31 Matching Annotations
  1. Mar 2019
    1. L.A. has this amazing Koreatown and the most Korean Americans anywhere in the states. At the same time, the industry that you wanted to break into when you arrived is extremely white. What were your impressions of L.A. when you first got here, and has your relationship to the city changed in any significant way? Koreatown at first became a safe haven for me where you can go to not feel othered. I wasn’t cognizant of [being othered then]. I was aware of me being an Asian actor, but I was not thinking about anything but just working within the system, whatever that meant. I wouldn’t take roles that would be bad as an Asian person, but I was looking to just get work. So you do that on the daily and then you come back, and for some reason you always just keep gravitating toward K-Town. It’s comfortable. Then you start to let it go for a bit. Because you go, “Oh, I don’t need the security blanket of this place.” And then you find it again, where now you’re approaching K-Town not from a place of fear. Rather, now you’re just going there to go eat some bomb food and celebrate your culture. That’s the confidence that you build over time, or you hope to.
    2. What do you feel like that gaze wants you to do? I won’t speak for other Asian American actors, because I don’t know what they’re being offered. But for me, it’s like: nice guy, dependable, supportive, benign. Beige. And as a Korean man, I am not beige. And I felt that when I was over there [shooting Burning].
    3. Do you think of yourself as a heartthrob? Ay-yi-yi. I’m at this interesting point of not rejecting it, because I want to be representative of the idea that anyone can be that and feel that. For that reason, I don’t want to reject it. But definitely I want to reject it. Why? Self-hatred. Maybe when I was young, I wanted that. I was like, “Why not me, why can’t an Asian man be this?” Then you try to find that through systems that aren’t native to you. You’re like, “I know what it means to be hot. It means you work out. It means you drink a ton of milk, so you get huge. It means you’re mean to people. Toxic masculinity.” Then you realize it’s so stupid. Just be comfortable with yourself.
    4. You’ve worked with heavyweights in the Korean film world: Joon-ho Bong on Okja and Chang-dong Lee on Burning. They’ve given you meaty roles, as well as the opportunity to work with art-house auteurs. What do you make of the fact that these opportunities seem to be primarily coming from the Korean side, rather than the American side?  Sometimes it’s tough. I’ll come back from Burning, and I’ll be like, “Will I ever get this experience again? Will I ever feel this free in a character? Will I ever feel like they’re looking to get my best performance? Down to the lighting, the makeup, the boundarylessness that they project on me?” I feel like there’s a mold here in America, that even in my daily walking around I feel subjected to. Someone’s projecting, like, “This is how you’re supposed to fit in this world.” It’s this generic Asian man mold that pervades.
    5. I like to joke that Korean cinema, which is known in part for its intensity of emotion, is 5,000 years of suffering condensed into an art form. Yeah, that’s real.
    6. Yesterday, when you were introducing the movie [at a screening], you called Chang-dong Lee a “film genius.” What draws you to him? He reached out to me through his films first, obviously. Peppermint Candy helped me understand why I have this han [an untranslatable strain of sorrow that makes up a pillar of Korean national identity] in my body that I can’t explain. I couldn’t explain how me being a 5-year-old immigrant in America was filled with so much rage. It wasn’t just the fear of my environment, or being an Asian kid in America. That probably stoked it a little bit, but I didn’t experience war, I didn’t experience trauma. You don’t know where it comes from, but then you watch [the movie] and you go, “Oh my God, there’s a whole level of Korean experience that I’m missing out on.” There was this deeper level that I couldn’t access, and that film helped me get there.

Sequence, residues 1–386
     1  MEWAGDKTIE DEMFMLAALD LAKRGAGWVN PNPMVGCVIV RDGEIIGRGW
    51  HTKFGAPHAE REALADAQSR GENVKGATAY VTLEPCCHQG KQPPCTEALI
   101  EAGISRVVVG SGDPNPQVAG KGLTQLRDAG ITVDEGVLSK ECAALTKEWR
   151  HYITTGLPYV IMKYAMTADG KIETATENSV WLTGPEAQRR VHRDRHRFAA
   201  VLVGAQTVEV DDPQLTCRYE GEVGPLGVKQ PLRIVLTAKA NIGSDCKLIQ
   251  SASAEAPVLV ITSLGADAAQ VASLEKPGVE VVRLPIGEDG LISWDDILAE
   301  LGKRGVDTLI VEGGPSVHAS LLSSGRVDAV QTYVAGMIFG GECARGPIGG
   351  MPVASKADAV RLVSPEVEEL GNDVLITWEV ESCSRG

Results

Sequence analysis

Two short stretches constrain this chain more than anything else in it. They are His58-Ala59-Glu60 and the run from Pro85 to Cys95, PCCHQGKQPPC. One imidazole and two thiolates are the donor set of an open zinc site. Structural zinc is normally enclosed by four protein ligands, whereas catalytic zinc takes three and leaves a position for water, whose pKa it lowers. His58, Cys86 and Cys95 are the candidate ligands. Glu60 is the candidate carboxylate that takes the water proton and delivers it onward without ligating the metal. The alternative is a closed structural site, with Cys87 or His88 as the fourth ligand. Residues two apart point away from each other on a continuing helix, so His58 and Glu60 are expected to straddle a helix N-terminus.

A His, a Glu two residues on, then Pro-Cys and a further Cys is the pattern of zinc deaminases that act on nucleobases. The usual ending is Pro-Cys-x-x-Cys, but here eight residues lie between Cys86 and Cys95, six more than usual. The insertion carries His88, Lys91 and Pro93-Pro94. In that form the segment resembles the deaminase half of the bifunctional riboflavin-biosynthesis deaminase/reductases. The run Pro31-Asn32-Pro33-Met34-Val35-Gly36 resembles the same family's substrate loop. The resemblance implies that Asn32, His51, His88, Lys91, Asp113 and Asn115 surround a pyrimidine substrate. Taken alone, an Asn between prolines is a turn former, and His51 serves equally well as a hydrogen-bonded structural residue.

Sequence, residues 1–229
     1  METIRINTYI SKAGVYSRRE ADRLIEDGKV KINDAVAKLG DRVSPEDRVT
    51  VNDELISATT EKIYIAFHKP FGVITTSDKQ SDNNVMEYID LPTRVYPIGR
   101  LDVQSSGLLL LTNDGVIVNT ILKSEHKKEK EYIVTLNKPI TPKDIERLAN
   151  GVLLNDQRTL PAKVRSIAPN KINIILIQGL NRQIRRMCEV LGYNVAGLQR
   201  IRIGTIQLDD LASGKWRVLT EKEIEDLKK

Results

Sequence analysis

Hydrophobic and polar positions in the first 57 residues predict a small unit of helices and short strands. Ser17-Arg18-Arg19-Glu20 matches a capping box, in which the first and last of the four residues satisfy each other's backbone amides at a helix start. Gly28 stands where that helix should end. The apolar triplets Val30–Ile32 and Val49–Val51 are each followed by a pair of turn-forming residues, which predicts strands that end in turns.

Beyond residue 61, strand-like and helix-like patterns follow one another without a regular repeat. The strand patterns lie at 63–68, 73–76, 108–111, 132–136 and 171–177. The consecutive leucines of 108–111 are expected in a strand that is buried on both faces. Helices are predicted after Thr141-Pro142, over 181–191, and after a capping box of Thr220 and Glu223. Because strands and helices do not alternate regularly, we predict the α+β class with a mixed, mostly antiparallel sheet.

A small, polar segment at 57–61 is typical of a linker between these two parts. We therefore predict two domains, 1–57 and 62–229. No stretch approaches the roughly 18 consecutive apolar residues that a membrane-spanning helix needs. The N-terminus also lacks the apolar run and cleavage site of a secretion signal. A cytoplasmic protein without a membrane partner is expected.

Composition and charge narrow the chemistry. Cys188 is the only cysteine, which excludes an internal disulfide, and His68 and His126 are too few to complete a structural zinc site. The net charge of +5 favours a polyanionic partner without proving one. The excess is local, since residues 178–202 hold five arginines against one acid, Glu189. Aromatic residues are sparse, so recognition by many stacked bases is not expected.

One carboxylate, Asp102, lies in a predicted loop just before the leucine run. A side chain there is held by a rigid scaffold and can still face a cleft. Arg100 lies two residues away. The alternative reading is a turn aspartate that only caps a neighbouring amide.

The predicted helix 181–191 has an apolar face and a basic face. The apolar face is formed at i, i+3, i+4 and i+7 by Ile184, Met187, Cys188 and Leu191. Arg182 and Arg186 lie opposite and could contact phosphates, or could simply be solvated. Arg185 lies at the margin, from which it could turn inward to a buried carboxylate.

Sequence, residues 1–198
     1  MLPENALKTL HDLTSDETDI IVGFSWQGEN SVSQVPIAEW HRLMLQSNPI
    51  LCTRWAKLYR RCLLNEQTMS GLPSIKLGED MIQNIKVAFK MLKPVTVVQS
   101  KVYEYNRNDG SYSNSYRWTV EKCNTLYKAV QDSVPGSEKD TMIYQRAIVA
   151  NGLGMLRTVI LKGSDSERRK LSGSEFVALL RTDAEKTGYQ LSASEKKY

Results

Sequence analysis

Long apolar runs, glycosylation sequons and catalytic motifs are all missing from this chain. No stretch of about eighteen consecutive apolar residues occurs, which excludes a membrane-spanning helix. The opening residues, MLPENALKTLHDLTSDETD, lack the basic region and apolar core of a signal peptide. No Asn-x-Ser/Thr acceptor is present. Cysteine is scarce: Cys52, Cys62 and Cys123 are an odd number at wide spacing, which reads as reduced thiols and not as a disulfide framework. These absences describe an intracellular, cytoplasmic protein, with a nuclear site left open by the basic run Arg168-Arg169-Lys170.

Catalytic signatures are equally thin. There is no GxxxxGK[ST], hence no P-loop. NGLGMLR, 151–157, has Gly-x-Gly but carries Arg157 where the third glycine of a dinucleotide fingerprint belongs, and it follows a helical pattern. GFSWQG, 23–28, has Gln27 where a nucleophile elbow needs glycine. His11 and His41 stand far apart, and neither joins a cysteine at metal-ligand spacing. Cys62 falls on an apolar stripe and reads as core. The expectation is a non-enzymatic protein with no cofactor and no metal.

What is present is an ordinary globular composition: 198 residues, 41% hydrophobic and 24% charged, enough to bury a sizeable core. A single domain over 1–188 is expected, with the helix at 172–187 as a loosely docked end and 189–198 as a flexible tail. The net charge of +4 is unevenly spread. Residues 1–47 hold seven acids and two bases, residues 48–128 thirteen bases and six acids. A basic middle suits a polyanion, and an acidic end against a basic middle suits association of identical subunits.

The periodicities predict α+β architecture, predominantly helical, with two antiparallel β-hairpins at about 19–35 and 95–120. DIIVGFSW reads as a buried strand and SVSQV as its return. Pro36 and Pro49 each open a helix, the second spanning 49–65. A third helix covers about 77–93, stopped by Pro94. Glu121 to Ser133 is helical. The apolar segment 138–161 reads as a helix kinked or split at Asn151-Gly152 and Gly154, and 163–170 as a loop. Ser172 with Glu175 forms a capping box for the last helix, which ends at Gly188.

7. Are you disappointed that American or international audiences won’t get all of the nuances in the dialogue? No, because we’re talking about one layer of this story, and really the human layer is the thing that binds it all together. Do you mean the romantic triangle in the film? I mean the feeling of unrequited loneliness. The feeling that we’re all alone. We can try to put labels on ourselves and try to separate each other, but really, we’re all fucking alone and that’s what it is. And it’s scary, and it sounds terrible, but really, it’s OK.
    1. The whole movie is about the tension between three people, just like a ghost story at certain points. And in the middle, there’s this chilly sequence where they just hang out during the magic hour. How did you approach the structure of the film and how did you shoot this particular sequence? _________________   After the dance scene, something had to change. That’s what I felt, and the audience can feel that we’re heading to another road as well. The scene itself is in the middle, storyline-wise, and also it’s a quarter of the film. A lot of people think of it as a thriller that it’s mostly about finding Hae-mi’s whereabouts, but we’re not doing that: we’re doing something that’s more about what she was looking for and who she really is. We wanted to shoot the dancing scene after sunset, and so that we could emphasize the boundaries between darkness and lightning, as well as the mixture of reality and surrealistic reality. And when you look at the set, you can see the Korean flag which reflects Korean politics, you can see a dirt, the grass and nature elements, where on the other side you can even see cars passing by. So it’s a mixture of all kinds of life around us, in the scene, and in here Hae-mi is looking for the meaning of life. She is dancing with great hunger. We tried to film that scene without any artificial light. Also, I wanted that scene to show the freedom which she’s getting through and the spontaneity she’s also getting through. That’s the most important thing I wanted to capture in the scene.
  2. Jan 2019
  3. Dec 2018
    1. SIGGRAPH: Share your top three technology tools. CC: I hate technology! But if you’re trying to make something pretty in this medium, there’s no avoiding it
    2. SIGGRAPH: What is the best advice you would give someone starting out in animation? CC: Draw. Carry a sketchbook (or a tablet) and draw (or paint!) every chance you get. Make observations from the world around you, from photo or video reference, from artists you admire. Most importantly, don’t just observe, but put those observations down on paper in visual form. Make a habit of it. The things you learn that way will stay with you forever. And that knowledge will be useful no matter what medium you end up working in.